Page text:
Now, with new consoles from Microsoft and Sony on sale, there’s a clear push from both companies deeper into software and subscriptions — similar to the way Apple has placed a greater emphasis on services in recent years. They’re hoping to capitalize on rising demand for games as consumers around the world spend more time at home during the coronavirus pandemic. But a viral pandemic isn’t the only thing that’s changed the gaming industry recently.
According to Daniel Ahmad, analyst at Niko Partners, consoles are now a much more profitable business for firms like Microsoft, Sony and Nintendo than they were a decade or two ago. Digital distribution of games has allowed firms to rake in bigger profit margins than selling physical copies in stores, Ahmad said. Whereas publishers would traditionally make about $35 on a $60 game sold in-store, online downloads mean they can now make as much as $45 per game.
Sony and Nintendo have reported much higher digital download numbers this year. That trend looks likely to continue, with both Microsoft and Sony selling digital-only versions of their new consoles at lower prices.
So-called gaming ecosystems are set to become even more important over the next few years. Microsoft, for example, is betting heavily on building out its player base across a range of different devices, including its Xbox consoles, Windows PCs and smartphones. The company released its xCloud gaming service commercially in September as part of its Xbox Game Pass subscription platform. Cloud gaming lets users play a game that’s streamed to their device from a company’s remote infrastructure. Such services are typically available through paid subscriptions, similar to Netflix but for games rather than TV shows and movies.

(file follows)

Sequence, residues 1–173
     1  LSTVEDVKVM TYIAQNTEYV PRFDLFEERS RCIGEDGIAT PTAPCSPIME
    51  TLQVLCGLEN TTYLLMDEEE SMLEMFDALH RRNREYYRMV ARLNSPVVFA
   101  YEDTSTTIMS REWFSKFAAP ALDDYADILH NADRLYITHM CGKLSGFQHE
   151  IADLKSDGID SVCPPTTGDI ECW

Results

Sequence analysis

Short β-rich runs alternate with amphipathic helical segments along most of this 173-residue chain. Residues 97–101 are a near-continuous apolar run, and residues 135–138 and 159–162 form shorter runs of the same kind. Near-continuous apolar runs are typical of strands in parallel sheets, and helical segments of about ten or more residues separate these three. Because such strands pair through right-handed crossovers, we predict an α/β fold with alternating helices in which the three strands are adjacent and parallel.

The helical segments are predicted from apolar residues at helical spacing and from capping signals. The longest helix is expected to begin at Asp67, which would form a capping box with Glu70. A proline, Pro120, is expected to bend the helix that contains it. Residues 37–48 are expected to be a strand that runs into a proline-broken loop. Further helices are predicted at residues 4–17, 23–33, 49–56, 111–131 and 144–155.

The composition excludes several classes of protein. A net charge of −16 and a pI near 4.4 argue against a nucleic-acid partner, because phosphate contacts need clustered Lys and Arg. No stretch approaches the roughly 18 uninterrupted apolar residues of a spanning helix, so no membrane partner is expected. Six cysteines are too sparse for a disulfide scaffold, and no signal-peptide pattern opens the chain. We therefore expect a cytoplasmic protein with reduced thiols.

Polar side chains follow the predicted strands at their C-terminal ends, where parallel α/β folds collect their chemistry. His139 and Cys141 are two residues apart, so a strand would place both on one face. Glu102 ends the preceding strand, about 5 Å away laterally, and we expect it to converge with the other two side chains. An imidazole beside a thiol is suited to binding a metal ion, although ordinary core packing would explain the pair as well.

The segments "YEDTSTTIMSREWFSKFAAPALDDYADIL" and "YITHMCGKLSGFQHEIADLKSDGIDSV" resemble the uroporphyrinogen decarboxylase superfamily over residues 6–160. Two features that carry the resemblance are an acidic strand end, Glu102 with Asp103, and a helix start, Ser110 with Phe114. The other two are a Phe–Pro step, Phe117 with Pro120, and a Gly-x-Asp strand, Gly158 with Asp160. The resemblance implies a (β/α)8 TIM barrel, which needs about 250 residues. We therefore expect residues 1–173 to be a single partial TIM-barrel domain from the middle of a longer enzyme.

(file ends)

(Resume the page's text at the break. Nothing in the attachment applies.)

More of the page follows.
Now, other tech giants are stepping on gaming companies’ turf. Google, Amazon and Facebook have all released their own cloud gaming services, looking to carve out a share of the $160 billion games market. Niko Partners’ Ahmad said there are two main strategies coming out of Big Tech: On the one hand, Google and Amazon are trying to compete with the likes of Steam and Epic Games as digital game distribution platforms themselves. On the other, Facebook is using game streaming as an advertising tool.
Ahmad thinks there could be more consolidation on the horizon: “The ability for games to generate huge amounts of revenue over the long term is going to be really important to a lot of these platform owners.”